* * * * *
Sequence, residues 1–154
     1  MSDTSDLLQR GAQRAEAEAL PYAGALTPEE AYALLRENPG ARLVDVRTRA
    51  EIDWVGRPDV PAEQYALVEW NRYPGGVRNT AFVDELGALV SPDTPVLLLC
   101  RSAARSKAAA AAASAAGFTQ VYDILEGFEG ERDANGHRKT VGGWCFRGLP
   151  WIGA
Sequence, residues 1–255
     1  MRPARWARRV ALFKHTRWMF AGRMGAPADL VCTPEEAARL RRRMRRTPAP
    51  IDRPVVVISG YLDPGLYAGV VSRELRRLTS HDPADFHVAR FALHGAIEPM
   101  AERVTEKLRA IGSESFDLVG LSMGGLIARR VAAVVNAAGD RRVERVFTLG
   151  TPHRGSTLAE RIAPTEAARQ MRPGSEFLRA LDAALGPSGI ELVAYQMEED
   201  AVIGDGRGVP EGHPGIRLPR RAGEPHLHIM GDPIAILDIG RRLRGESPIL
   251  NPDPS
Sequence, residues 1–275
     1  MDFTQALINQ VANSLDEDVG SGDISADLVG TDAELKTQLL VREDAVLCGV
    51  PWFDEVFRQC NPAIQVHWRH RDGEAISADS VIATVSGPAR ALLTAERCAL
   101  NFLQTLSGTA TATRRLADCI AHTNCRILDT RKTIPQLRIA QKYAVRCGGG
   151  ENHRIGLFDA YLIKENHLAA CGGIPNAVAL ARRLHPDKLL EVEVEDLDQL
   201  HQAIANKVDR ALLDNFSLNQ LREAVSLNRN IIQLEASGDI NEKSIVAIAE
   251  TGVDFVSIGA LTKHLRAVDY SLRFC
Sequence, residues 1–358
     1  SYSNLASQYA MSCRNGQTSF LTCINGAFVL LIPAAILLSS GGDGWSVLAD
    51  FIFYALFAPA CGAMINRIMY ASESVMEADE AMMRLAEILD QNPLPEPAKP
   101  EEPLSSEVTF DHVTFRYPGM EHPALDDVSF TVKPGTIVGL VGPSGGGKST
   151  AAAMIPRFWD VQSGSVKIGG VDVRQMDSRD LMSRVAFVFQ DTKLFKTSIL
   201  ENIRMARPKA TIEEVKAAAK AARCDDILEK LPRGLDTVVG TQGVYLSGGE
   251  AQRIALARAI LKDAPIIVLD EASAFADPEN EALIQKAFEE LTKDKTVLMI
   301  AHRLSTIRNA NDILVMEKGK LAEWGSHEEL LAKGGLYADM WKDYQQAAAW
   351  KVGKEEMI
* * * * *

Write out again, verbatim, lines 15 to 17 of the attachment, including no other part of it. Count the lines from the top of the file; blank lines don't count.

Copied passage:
    51  PWFDEVFRQC NPAIQVHWRH RDGEAISADS VIATVSGPAR ALLTAERCAL
   101  NFLQTLSGTA TATRRLADCI AHTNCRILDT RKTIPQLRIA QKYAVRCGGG
   151  ENHRIGLFDA YLIKENHLAA CGGIPNAVAL ARRLHPDKLL EVEVEDLDQL